Review: Now, before you wonder why I ever watched this film, I’ll confess: I didn’t watch it on principle. As a fourth wave feminist, I find the sexcapades and vapid materialism of Carrie and company to be deeply disturbing, setting back gender equality at least by a couple centuries. The fact that it’s so popular is just another example of the things that are wrong with this world. I would go as far as to say that Sex and the City is for young women what extremist Muslim clerics are for youths in the Middle East: (hopefully) the vast majority will dismiss them as crazies, but there will be a significant number of confused young people who think that it’s actually a viable lifestyle to strut around in Manolo Blahniks or blow up a school because you think that a book that you’ve never read says it’s a good idea. You think I’m being too harsh on shallow, materialistic, and utterly fabulous women? Just you wait ten years and let’s see which forces bring down civilization.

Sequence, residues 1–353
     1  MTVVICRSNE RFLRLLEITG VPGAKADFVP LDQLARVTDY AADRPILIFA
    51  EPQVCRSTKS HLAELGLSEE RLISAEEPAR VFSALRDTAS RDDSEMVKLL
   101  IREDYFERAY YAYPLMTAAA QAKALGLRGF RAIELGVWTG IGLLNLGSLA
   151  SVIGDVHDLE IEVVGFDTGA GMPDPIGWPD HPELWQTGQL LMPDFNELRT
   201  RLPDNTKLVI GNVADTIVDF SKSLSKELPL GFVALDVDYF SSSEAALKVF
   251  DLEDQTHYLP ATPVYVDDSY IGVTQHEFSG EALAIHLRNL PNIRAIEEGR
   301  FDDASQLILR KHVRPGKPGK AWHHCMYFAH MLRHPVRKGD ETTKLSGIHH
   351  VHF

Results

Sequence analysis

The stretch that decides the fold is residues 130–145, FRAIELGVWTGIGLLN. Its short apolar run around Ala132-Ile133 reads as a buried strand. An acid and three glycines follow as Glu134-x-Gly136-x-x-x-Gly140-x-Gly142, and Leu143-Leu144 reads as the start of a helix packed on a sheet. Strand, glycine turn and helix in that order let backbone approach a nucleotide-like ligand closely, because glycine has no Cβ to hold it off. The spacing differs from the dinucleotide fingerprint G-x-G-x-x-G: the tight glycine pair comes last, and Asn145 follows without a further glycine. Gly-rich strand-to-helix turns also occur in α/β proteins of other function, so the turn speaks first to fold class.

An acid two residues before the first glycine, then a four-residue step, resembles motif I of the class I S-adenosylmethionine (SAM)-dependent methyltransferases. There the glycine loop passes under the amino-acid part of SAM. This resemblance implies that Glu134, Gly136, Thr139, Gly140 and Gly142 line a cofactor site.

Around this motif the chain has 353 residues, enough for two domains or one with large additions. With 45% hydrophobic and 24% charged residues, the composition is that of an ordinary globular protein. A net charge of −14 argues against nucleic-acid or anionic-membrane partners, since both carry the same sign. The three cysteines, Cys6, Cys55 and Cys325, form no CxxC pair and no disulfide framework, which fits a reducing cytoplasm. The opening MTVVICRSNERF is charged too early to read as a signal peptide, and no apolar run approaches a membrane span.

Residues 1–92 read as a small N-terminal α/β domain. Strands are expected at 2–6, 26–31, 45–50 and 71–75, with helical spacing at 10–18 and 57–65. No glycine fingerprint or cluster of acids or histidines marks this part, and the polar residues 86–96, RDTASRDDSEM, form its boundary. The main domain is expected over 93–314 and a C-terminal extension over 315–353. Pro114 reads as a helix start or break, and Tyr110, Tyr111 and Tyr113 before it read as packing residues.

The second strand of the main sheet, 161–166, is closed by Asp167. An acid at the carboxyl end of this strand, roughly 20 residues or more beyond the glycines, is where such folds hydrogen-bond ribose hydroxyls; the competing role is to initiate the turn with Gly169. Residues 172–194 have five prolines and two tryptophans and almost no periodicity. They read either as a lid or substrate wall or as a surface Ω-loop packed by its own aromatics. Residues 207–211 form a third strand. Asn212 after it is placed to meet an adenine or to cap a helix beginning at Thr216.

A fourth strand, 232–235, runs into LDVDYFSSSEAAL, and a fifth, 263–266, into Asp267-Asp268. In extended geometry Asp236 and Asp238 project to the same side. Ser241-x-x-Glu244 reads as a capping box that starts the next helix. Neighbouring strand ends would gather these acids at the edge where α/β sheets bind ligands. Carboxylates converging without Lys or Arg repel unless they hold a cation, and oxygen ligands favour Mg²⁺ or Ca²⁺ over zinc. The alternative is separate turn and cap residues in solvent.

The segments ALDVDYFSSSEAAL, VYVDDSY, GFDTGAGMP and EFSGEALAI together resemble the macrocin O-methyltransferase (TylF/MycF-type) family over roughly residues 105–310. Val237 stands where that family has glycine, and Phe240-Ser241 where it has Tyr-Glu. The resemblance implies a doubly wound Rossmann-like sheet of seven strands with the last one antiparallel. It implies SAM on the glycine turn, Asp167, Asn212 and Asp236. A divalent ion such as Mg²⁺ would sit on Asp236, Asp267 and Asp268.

But I digress. I wasn’t planning on comparing Carrie Bradshaw to Osama bin Laden. Actually, I don’t think anyone has ever done that before. Something about political correctness or something. Which is ironic, considering that from what I’ve seen in the trailers, this film strives to make the two worlds of fashionistas and angry, insulted Muslims collide. Unfortunately, I’m afraid that it will end in millions of dollars of profit. Bleh.
Since I didn’t actually see the film nor ever intend to, I will just take some quotes from other reviewers who were forced to watch this movie because they get paid (far too little) to do so. As you will see, the movie inspires a new level of creativity in the way critics trash movies. Continue reading